Pixar’s hugely charming Luca is a super fun summer hangout film


Pixar’s coming-of-age adventure Luca follows two boys and their newfound friendship during one summer in a beautiful seaside town on the Italian Riviera. With a focus on friendship over spectacle, Liam Maguren found plenty to love about this distinctive Pixar film.

Ten years ago, Pixar veteran Enrico Casarosa struck gold with his six-minute sensation La Luna. Playing before 2012’s Brave, the fantastical Oscar-nominated short about Italian star-sweepers left a mighty impression—one that had many wondering what magic Casarosa could conjure next. That wonder is mostly rewarded with Luca, a super fun summer hangout film that prioritises friendship over spectacle.

Jacob Tremblay, child star of Oscar-winning drama Room, is simply perfect as wobbly-voiced Luca, a curious young sea monster forbidden by his parents from venturing onto the surface. Despite their ability to disguise themselves as human whenever they’re dry, the risk is considered too great to take given they live beside a village full of fishermen and harpoons.

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Typically, Luca’s curiosity gets the better of him, prompting a covert journey to human-land that skirts dangerously close to retreading Toy Story and Finding Nemo territory. While it’s not glaringly obvious, there are enough scenes of hiding-in-plain-sight and parents-on-the-hunt to bring those films to mind.

Jack Dylan Grazer, who proved to be the right kind of annoying in both It and Shazam!, couldn’t be better as Luca’s new best sea monster friend Alberto. Walking with thoughtless swagger and talking with unearned confidence, Alberto encapsulates that one kid we all knew and looked up to (when we perhaps shouldn’t have).

The film dedicates a lot of time to Luca and Alberto being mates and doing mate stuff like building bikes that don’t work and jumping off ramps that don’t stay still. When Giulia, voiced by superb newcomer Emma Berman, enters their lives, there’s just as much time added to her and Luca nerding out over astrology and Pinocchio. The plot, which involves a triathlon and a moped of all things, doesn’t really kick in until the 30-minute mark, and while certain storytelling scholars might consider that a major no-no, I personally loved Luca‘s unrushed approach to showing blossoming child friendships.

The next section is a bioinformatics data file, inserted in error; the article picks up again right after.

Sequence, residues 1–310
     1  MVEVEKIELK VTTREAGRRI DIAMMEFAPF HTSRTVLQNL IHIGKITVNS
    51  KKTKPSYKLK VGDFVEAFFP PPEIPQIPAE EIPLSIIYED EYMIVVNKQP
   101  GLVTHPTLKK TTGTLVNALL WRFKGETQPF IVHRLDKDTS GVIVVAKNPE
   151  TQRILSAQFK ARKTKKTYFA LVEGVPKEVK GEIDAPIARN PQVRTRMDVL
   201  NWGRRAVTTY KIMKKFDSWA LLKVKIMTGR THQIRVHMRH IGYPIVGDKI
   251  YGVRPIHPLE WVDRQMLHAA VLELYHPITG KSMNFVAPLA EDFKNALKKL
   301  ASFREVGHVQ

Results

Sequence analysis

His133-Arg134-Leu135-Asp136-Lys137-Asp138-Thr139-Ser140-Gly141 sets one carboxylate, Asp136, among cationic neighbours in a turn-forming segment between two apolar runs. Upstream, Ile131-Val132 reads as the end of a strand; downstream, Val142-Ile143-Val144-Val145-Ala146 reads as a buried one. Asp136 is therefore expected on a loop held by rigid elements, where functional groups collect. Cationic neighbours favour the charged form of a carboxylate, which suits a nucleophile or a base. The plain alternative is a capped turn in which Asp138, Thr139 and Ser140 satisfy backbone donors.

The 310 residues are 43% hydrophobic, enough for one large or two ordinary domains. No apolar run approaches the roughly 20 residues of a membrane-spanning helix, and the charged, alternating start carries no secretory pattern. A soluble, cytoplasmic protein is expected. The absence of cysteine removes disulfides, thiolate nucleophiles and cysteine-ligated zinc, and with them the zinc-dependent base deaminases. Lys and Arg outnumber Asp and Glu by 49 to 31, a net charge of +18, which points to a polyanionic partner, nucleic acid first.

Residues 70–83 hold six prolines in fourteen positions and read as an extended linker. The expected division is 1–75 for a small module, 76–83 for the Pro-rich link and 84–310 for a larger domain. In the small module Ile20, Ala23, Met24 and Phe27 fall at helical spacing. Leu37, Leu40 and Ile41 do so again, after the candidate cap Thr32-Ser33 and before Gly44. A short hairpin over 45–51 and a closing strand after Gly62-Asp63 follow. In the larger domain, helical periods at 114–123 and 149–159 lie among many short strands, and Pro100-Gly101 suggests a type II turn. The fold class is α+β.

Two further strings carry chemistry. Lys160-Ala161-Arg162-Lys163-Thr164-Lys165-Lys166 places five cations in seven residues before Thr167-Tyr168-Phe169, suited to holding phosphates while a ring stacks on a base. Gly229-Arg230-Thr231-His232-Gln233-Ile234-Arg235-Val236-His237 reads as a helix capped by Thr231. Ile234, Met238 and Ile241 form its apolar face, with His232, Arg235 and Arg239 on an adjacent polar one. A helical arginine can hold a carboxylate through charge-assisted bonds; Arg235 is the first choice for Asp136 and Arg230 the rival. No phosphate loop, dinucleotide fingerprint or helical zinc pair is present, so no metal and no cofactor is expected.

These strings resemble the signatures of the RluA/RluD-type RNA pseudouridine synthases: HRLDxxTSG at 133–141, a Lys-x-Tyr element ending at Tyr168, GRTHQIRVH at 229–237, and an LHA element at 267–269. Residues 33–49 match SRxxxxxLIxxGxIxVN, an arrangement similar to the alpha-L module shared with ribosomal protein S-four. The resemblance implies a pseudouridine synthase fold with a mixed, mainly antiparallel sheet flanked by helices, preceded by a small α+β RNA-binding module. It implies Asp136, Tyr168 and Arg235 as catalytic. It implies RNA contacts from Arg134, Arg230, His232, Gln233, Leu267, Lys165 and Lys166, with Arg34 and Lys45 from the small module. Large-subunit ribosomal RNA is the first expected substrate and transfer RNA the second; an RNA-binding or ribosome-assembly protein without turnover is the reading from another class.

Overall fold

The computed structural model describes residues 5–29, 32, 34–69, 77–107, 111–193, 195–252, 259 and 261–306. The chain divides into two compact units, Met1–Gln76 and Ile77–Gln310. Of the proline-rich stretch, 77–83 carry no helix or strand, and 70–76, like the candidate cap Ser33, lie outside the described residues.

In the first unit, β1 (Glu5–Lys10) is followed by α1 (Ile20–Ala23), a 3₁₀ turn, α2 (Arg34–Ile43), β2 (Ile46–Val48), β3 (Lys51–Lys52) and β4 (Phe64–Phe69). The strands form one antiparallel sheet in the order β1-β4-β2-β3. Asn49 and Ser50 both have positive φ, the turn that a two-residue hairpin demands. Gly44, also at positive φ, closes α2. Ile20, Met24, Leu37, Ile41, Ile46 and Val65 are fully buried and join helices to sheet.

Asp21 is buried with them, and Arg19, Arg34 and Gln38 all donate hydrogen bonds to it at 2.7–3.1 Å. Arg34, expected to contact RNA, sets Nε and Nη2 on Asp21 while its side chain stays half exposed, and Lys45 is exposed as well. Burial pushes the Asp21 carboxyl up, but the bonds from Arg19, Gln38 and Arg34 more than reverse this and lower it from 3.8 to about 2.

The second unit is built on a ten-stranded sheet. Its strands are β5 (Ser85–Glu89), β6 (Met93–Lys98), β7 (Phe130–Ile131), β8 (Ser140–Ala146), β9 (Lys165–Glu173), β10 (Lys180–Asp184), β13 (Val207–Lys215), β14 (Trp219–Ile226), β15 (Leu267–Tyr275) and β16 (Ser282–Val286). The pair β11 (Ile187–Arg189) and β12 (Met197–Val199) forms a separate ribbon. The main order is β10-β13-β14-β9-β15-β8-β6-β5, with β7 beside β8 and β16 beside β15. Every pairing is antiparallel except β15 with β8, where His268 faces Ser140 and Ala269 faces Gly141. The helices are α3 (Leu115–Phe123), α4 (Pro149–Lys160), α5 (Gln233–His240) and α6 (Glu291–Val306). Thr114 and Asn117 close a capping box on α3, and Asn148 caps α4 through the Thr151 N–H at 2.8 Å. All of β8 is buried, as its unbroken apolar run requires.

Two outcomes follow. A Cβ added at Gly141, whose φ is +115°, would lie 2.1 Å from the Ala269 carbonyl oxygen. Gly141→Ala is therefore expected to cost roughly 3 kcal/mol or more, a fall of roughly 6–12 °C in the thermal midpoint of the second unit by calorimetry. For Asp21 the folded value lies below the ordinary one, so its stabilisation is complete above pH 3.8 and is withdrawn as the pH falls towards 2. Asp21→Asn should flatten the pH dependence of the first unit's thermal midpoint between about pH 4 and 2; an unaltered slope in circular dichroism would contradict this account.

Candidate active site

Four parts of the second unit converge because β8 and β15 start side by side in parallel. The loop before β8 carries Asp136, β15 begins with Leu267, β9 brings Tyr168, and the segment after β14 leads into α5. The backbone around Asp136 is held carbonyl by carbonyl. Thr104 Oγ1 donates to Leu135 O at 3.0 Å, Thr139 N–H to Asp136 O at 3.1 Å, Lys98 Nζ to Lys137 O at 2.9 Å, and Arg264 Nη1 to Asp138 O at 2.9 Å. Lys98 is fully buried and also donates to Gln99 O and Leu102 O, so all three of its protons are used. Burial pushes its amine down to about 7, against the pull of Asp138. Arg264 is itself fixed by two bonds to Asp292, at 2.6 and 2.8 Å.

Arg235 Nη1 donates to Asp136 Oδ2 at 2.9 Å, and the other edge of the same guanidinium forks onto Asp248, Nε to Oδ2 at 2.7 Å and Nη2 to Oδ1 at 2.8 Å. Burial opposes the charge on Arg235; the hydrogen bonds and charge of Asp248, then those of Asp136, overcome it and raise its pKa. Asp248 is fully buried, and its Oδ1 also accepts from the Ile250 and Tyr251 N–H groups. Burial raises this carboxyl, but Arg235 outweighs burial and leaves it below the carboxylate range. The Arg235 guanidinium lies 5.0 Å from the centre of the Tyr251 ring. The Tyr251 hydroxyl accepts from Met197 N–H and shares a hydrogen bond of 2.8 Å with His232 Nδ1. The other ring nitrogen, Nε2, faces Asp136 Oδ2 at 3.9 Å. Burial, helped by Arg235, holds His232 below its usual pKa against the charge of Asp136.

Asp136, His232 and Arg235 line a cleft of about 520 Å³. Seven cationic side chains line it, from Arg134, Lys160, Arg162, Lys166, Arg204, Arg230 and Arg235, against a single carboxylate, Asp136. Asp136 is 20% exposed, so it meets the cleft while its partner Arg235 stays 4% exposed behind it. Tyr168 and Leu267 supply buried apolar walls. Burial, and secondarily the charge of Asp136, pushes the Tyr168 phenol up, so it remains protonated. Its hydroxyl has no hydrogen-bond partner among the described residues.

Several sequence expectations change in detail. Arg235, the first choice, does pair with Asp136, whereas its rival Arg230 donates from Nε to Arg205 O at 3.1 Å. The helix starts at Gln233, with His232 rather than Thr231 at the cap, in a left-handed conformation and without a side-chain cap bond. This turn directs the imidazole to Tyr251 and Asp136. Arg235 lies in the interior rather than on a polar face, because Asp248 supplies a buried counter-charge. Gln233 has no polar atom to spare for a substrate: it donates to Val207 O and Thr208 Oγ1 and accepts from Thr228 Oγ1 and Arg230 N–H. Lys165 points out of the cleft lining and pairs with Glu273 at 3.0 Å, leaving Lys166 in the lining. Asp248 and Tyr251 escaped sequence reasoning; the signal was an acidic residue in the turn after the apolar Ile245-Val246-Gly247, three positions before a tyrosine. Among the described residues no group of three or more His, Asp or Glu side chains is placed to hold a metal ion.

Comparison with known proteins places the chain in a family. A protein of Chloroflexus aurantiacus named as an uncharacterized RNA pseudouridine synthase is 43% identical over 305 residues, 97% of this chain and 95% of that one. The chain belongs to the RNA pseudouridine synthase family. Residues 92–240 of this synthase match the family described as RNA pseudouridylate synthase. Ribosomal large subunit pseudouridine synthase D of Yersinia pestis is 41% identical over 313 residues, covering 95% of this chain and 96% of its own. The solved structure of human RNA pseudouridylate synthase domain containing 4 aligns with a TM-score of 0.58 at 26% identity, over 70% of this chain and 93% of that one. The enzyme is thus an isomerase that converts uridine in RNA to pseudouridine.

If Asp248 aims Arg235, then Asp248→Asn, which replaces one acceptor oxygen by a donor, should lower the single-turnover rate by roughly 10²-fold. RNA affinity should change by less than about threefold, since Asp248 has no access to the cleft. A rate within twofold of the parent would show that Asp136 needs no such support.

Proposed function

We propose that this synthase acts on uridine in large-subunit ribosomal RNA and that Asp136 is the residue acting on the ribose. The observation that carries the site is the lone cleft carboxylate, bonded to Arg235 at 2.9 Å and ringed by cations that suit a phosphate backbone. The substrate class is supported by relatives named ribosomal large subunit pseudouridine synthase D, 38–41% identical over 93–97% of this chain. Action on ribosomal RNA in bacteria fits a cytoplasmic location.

It’s a move, I believe, Studio Ghibli legend Hayao Miyazaki would approve of. In fact, Pixar’s entire art department seems to be reading from the Miyazaki playbook of how to make a location live forever in young people’s minds. From the glistening stone-cobble walkways to the colourful towering architecture, from the bucket-loads of Italian culture seeping through the streets to the gorgeous riviera that made you wish our oceans were really that clean, Pixar has gone all in to make this one of their most memorable and live-in settings to date.

Heck, they even make pasta look as mouthwateringly delicious as any rice dish in a Studio Ghibli film. That’s a crowning achievement in its own right.

It’s also great to see the studio edging away from The Pixar Look. While last year’s Soul flirted around with a bold visual approach, Luca fully embraces one with a style that contains remnants of traditional rubber hose animation and current CGI touches seemingly plucked from 2015’s The Peanuts Movie and this year’s The Mitchells vs. The Machines. By straying away from the tried-and-true, Luca becomes all the more distinctive in Pixar’s catalogue, allowing all the aforementioned details to shine brighter.

The story, while simple, is made better because of these little touches. Luca’s curiosity about the surface world makes complete sense when the world is this beautifully rendered. A twist that could have been an absolute eye-roll ends up being a total heart-puncher because of the trio’s well-established friendship. Unfortunately, when it comes to the villagers’ attitude towards sea monsters, all that gets wrapped up far too quickly with the neatest of bows, going against the feeling of ever-present danger.

It’s one of the few things that prevent Luca from being top-tier Pixar, though being second-tier Pixar warrants a hearty recommendation nonetheless. Like La Luna before it, Luca‘s a hugely charming and memorable film that makes me wonder what magic Casarosa could conjure next.